~This will ruffle a few feathers but it is an absolute must read. We must do this! - Jimmy Toney (from a tweet earlier today).

Wednesday, October 10, 2012

~A Report from the Gilliam Family in the Philippines

Time Is Running Out.

Jesus instructed us that while it is day we must work. He warned in the Gospel of John that the night cometh when no man can work.  I truly believe we are living in the last days. The generations that live upon the earth are watching the sun set over the horizon. The night cometh. We must work. As I write this, my mind is racing back through memories of great elders who preached the soon coming of the Lord. I can hear the urgency in their voice. We must work. It must have been with that same urgency that Jesus commanded Judas, "that thou doest, do quickly."

It was with this same urgency that my wife and I felt the Lord speak to us about the Philippines. We have been a part of several missions trips and crusades to various countries over the years and knew that global missions would always be a huge part of our lives. After seeing thousands receive the Holy Ghost in the Philippines in 2001 we knew that when God's timing was right, we would return.

I cannot tell you the times over the last 10 years that we have dreamed, talked and prayed about that return. Just over a year ago the Lord spoke to my wife and I that NOW was the time to GO. So we applied as AIM evangelists to the Philippines and requested to base in Manila. The Global Mission's executive board approved our request and we begin the task of raising our budget.  So many pastors across the nation and in our home distinct (Western District UPCI) have supported our vision and have given sacrificially to the cause that God has called us to. We are so thankful for every single prayer and offering that has been sent our way.

Once we arrived in the Philippines, the Missionaries and National Philippine pastors have gone to great sacrifices to take care of us and to make sure we stay busy preaching and teaching. One of our goals was to preach revival services in local churches no matter the size of the congregation. We have had a tremendous time doing just that. In the two months that we have been here we have seen almost 200 receive the Holy Ghost at the time of this writing. All this in local churches. Crusades are great, but they are very expensive. Our burden was to take the crusade spirit into the local church. Saving them money and helping each church see that they can have the same great outpouring in their own churches, not just at the large crusades.

Not only have we been busy preaching through out the Philippines but we have also had the distinct honor of teaching at the Acts Bible School under the leadership of Brother and Sister Flowers. They are long time missionaries and have poured themselves into us. They have also went out of their way to love on our kids. That has meant the world to my wife and I.

Needless to say we have fallen completely in love with the students at Acts Bible School in Manila. While I was preaching their Spiritual Emphasis Week, the Lord stopped me right in the middle of preaching; He spoke to me and said, you have dreamed of praying thousands through to the Holy Ghost, now pour that into each of these students and they will each pray tens of thousands through. A very heavy burden settled on me during that service. Teaching others to reach others has a multiplying affect that will cause a global revival. I want to be a part of that. I want to work while it is day.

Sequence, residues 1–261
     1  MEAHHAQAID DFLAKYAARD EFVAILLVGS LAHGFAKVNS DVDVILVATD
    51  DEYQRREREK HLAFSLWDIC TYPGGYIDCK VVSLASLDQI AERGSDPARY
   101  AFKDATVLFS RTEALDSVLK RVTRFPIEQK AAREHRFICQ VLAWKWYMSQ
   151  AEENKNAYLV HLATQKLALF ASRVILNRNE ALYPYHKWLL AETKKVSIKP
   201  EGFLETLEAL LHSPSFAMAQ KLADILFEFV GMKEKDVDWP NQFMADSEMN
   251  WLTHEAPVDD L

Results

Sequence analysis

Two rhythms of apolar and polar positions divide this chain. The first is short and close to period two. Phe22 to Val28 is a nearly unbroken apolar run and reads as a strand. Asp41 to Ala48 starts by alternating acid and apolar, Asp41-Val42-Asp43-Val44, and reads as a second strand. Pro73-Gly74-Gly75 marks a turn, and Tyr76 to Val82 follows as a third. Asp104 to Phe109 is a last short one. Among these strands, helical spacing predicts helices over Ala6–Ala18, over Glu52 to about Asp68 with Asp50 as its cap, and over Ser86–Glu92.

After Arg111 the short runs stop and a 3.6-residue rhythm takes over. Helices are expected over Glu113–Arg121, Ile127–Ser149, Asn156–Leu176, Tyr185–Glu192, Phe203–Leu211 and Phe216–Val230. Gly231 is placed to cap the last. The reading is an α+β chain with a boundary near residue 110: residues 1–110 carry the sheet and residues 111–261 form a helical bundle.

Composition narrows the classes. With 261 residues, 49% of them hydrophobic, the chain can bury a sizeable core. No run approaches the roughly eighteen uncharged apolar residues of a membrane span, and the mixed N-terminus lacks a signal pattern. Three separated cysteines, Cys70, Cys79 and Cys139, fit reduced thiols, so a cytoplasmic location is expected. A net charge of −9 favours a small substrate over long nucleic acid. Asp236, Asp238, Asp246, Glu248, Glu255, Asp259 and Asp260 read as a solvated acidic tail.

While here we have met Filipinos that are starting churches all over the world. Even deep into the Middle East, Vietnam, China and many parts of Europe. Because of wars and work laws they can go into many countries that Americans just can't reach at this time. So as AIM evangelist, our global mission is training them to go. And they are going. They are working. They are making extreme sacrifices to spread this wonderful truth.

My wife was blessed to 'step in' for Sister Kelley Dibble in her personal ministry of praying for the children at a nearby hospital.  National Children's Hospital is a place for poor families to take their kids who are suffering.  She saw some very startling things, but feels forever changed because of the opportunity to share some hope and healing words to these very sick children and their family members.  So many stories, so many lives that touched her heart and have left a mark that has forever changed her.  It is her prayer that her words and prayers were as much of a blessing to them as being able to minister to them was to her.

We have committed to join with the Missionaries and the National work in the Philippines to help them see the DREAM fulfilled.


One Million Souls In Five Years

Thank you for your continued prayers and support! Thank you for investing in Global revival. The night cometh. Let's continue to work.

The Gilliam Family,

Trent, Amber, Jon, and Ella

Tuesday, October 9, 2012

~UPCI GC2012 in St. Louis, MO - More photos

More photos from General Conference 2012 in Saint Louis, MO 
   (Since I don't know the name of everyone in these photos I included no names to avoid offense)

Monday, October 8, 2012

~UPCI General Conference 2012 - St. Louis, MO

Photos from the UPCI General Conference 2012

The Arch - 630 feet in height

America's Center

Conference Hotel

Downtown St. Louis, MO

Don Demyan and Ron Phillips in front of Mike Shannon's restaurant

Jerry Powell, George and Cheryl Craft (The Crafts have been missionaries for more than forty years in Europe)


Global Mission's Exhibit Area

Bruce Howell, General Director of Global Missions
iChurch Seminar by Bruce Howell and Jim Poitras

Exhibit Area for CAC Region

Banners depicting different countries

Brad and Regina Thompson, missionaries to Guatemala, Central A